The fiscal cliff may mean short term gains for law firms, though any outcome that hurts corporations will undoubtedly mean pain for the legal industry as well. As a result, law firms await the outcome of negotiations between President Obama and Congressional Republicans with baited breath, alongside their corporate clients.
This week, the Blog of the Legal Times covered the 2012 National Law Journal Regulatory Summit, where law firm leaders spoke frankly about how they are being affected by the uncertainty created by the looming fiscal cliff. As is often the case with the legal industry, the present uncertainty about the future of the tax code and other major regulatory areas has led to more work for firms:
[Bobby] Burchfield [co-head of McDermott Will & Emery’s Washington office] said that tax lawyers are being kept busy as they present different fiscal cliff tax scenarios to clients. He said the high activity in healthcare, regulatory, investigatory and advisory law would likely continue into the coming year.
Burchfield is also projecting that the Obama administration will lean more heavily on regulation in its second term in order to avoid getting bogged down in Congressional politics. An increase in rulemaking would result in more work for regulatory lawyers as well as litigators, as legal disputes over regulations would also likely increase.
However, many firms are cautious about 2013, particularly with regards to a potential leap off the fiscal cliff, should Washington law makers fail to reach a deal by year’s end. Although the legal industry is often countercyclical, the last five years have proven once again that the financial fates of law firms are closely tied to those of their clients. Thus, uncertainty about the corporate climate in 2013 means firms are likely to see more falling demand, coupled with pricing pressure.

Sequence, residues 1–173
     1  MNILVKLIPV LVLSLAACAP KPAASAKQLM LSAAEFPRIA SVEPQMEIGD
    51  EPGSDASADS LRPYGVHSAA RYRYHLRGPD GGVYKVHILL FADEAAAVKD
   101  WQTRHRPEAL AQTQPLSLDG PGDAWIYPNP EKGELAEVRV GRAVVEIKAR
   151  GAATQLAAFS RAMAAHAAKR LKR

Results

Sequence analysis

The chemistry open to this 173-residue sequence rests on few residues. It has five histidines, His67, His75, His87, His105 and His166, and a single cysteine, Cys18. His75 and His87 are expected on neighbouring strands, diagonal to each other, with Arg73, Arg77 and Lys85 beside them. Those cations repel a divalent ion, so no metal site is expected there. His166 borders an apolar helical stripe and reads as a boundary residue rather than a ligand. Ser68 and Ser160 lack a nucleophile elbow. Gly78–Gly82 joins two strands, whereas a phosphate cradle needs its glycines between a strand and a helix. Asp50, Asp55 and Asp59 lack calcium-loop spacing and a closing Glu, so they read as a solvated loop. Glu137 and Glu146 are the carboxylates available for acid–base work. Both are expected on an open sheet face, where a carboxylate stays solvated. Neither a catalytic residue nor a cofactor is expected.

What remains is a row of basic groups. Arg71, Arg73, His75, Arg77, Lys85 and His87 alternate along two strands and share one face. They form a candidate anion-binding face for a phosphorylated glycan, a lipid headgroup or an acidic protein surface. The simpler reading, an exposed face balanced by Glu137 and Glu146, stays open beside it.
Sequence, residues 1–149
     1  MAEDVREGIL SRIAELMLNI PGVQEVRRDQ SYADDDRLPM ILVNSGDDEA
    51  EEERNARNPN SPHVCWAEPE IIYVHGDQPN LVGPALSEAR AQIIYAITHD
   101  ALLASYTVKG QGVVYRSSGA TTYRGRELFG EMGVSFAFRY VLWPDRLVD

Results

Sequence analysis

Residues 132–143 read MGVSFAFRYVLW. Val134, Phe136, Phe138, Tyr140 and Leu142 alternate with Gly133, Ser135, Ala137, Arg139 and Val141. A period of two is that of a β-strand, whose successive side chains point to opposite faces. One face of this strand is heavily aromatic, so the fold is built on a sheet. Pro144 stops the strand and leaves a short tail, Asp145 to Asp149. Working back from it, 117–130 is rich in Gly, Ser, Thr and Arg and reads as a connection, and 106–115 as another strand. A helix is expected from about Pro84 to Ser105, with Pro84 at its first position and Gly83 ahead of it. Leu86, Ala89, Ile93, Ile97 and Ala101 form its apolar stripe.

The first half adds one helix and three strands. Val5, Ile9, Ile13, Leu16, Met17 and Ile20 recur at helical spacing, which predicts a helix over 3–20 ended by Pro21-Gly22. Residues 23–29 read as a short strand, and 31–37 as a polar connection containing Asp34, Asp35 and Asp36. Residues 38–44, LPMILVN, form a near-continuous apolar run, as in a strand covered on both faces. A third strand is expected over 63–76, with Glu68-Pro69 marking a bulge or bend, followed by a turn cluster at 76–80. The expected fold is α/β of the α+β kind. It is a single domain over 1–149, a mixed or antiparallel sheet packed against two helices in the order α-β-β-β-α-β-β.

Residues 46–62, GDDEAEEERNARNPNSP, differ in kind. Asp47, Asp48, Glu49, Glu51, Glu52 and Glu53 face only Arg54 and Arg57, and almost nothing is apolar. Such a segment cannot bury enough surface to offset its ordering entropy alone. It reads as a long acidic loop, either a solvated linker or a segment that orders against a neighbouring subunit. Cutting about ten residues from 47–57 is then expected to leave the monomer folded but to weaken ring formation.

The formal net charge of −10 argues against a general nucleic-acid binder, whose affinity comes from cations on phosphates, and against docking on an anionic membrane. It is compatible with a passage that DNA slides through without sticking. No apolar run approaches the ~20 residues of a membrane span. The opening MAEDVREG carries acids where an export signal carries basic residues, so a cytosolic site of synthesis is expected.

One concern many large law firms may have regarding the fiscal cliff, particularly in the Washington region, is the effect it would have on the defense and aerospace industries. Unless a deal is reached, severe cuts to defense spending could result in as many 500,000 job losses in the sector, according to economist Stephen Fuller of George Mason University. For law firms that represent the many defense and aerospace contractors that regularly compete for lucrative government contracts, the prospect is likely worrying.
However, there is some promising news on the horizon. President Obama and House Speaker John Boehner apparently re-opened negotiations yesterday, indicating that a deal is still possible. And this morning, the U.S. announced better than expected jobs numbers for November; 146,000 new jobs were added, resulting in a jobless rate of 7.7%, the lowest since 2008. For law firms and their clients, these are signs that they might have something to celebrate in 2013.
Posted by Emily Fisher